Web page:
PN Review Print and Online Poetry Magazine
News and Notes
PNR266 Now Available
The latest issue of PN Review is now available to read online. read more
Most Read... Eavan BolandA Lyric Voice at Bay
(PN Review 121)
Vahni CapildeoOn Judging Prizes, & Reading More than Six Really Good Books
(PN Review 237)
Tim Parksin conversation with Natalia Ginzburg
(PN Review 49)
M. Wynn ThomasThe Other Side of the Hedge
(PN Review 239)
Jamie OsbornIn conversation with Sasha Dugdale
(PN Review 240)
Drew MilneTom Raworth’s Writing ‘present past improved’: Tom Raworth’s Writing
(PN Review 236)
Next Issue Stav Poleg Running Between Languages Jeffrey Meyers on Mr W.H. (Auden) Miles Burrows The Critic as Cleaning Lady Timothy Ades translates Brecht, Karen Leeder translates Ulrike Almut Sandig
Poems Articles Interviews Reports Reviews Contributors
PNR 250 Poetry Archive Banner
PN Review New Issue

This report is taken from PN Review 55, Volume 13 Number 5, May - June 1987.

Letter from New York J.D. McClatchy
The Cathedral of St John the Divine at Amsterdam Avenue and 112th Street, the largest Gothic-style church in the world, might seem the stuff for an updated William Golding parable. Begun in 1886, it is still unfinished, though daily beneath its scaffolding masons are raising its right spire, which will eventually be the only part of the building visible above the sea of blighted urban life and high-rise flats that laps it. And by the time that spire is completed, the faith whose aspirations it represents may have further receded; certainly the force of the church's denomination - the Protestant Episcopal, whose numbers dwindle annually - will have.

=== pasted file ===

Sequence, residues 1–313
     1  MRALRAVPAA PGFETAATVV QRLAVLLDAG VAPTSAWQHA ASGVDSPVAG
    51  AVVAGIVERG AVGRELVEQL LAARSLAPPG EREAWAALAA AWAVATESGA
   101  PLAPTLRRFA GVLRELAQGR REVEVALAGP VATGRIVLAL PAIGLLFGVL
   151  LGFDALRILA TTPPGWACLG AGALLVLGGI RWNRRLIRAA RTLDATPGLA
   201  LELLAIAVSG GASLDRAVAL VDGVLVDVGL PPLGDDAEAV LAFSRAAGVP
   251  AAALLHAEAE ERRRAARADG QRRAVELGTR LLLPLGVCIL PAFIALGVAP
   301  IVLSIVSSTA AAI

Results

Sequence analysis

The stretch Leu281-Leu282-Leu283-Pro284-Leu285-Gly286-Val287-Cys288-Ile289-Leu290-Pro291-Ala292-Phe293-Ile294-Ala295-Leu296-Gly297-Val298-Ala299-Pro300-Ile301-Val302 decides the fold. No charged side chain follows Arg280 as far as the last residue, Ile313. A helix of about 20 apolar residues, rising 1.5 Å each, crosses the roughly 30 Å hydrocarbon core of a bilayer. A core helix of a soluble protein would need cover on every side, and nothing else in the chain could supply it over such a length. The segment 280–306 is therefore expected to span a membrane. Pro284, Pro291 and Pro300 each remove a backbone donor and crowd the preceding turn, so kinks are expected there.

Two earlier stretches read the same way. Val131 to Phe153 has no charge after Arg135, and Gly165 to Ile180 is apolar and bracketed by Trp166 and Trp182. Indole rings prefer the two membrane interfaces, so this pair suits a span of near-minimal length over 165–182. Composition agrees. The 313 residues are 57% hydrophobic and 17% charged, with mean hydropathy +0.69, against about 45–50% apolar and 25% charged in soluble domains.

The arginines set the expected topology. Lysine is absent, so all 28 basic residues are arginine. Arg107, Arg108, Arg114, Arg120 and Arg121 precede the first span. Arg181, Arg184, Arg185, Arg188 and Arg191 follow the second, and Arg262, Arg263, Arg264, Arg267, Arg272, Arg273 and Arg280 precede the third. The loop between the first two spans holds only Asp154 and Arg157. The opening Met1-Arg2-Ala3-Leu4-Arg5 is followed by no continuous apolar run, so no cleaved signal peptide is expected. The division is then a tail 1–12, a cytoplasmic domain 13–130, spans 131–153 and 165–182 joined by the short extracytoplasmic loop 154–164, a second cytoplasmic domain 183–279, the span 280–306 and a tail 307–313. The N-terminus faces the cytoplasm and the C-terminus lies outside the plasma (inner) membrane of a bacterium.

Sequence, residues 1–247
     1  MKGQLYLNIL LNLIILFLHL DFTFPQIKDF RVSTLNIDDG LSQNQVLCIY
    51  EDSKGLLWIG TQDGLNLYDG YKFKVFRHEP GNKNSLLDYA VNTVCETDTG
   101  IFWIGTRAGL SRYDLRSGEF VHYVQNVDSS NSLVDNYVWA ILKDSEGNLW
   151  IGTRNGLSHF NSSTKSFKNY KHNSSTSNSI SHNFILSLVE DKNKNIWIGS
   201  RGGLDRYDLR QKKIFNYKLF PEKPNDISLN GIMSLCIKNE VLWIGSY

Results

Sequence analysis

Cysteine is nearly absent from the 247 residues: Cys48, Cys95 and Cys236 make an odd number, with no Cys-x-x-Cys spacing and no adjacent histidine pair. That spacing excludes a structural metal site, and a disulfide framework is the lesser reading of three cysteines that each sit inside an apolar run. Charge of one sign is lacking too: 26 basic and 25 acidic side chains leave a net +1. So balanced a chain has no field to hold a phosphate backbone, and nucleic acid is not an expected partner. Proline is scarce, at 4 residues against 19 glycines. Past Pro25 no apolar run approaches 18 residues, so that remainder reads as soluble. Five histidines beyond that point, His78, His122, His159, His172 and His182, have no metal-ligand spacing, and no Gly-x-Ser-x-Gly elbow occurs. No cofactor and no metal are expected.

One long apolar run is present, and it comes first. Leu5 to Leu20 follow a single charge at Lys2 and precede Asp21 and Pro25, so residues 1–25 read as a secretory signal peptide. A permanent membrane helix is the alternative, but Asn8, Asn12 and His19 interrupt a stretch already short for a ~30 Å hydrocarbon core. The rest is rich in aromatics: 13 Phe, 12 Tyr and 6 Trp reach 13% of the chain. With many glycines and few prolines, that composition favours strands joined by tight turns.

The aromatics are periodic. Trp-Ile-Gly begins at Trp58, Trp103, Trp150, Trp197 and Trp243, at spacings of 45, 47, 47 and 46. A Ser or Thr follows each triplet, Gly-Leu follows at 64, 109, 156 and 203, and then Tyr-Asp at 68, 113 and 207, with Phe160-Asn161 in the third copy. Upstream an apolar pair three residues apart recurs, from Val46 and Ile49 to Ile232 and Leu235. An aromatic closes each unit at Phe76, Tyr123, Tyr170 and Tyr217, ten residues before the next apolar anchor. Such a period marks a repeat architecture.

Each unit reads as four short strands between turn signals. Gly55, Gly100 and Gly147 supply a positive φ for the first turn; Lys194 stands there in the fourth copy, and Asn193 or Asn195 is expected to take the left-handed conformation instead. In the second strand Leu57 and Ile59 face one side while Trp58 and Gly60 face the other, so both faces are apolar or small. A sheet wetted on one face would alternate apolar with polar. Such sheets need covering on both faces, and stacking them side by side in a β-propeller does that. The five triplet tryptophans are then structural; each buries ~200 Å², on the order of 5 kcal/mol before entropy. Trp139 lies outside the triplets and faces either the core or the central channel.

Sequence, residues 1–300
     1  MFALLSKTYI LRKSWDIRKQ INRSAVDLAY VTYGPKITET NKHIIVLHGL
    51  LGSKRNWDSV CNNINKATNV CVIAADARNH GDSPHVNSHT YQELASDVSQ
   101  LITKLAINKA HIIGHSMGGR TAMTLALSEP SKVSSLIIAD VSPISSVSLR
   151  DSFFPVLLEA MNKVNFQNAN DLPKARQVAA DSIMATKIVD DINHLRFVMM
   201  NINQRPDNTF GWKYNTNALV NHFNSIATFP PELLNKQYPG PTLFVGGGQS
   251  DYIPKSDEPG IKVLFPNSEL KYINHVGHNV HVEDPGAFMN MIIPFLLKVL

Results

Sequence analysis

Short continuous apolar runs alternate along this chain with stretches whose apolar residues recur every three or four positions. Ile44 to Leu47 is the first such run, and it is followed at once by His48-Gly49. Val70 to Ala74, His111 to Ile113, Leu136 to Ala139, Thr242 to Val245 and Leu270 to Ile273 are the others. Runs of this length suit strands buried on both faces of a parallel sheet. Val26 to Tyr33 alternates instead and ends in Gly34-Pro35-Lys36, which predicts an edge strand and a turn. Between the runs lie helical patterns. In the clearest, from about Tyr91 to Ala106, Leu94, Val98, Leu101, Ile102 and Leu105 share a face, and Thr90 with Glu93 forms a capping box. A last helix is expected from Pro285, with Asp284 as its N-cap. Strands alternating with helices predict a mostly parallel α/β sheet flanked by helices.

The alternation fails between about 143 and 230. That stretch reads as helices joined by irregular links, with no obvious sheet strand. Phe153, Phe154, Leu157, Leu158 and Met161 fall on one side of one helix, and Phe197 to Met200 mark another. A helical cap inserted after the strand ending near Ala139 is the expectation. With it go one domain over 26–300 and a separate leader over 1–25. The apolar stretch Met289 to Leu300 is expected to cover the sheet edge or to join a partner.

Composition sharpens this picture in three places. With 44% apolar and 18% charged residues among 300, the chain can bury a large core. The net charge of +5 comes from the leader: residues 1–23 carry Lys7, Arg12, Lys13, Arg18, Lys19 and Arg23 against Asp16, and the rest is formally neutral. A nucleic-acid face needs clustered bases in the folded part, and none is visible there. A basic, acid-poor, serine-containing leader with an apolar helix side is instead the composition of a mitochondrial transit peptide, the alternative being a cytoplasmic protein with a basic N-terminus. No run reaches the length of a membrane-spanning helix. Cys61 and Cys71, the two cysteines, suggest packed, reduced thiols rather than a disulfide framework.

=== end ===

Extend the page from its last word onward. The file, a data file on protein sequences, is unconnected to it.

Or if not Golding, then Swift. In an effort to be 'relevant' to both the church's liberal doctrines and the cathedral's inner city predicaments, the Dean of St John the Divine, the Very Rev. James Morton, has sought to make it 'the first medieval church of the postmodern age - a sacred space where art and ideas, work and play, passion and compassion can recover their spiritual roots.' To that end, he has invited Sufi dancers and high-wire aerialists to perform; there are jazz concerts and animal parades in the sanctuary; there was once a memorial for John Belushi, and there are now side chapels dedicated to the Holocaust and AIDS victims, along with an Earth Shrine and a Motherhood Window. 'Christa', the notorious crucifix with a female Christ, has long since been removed, but on the high altar are Shinto ...

Searching, please wait... animated waiting image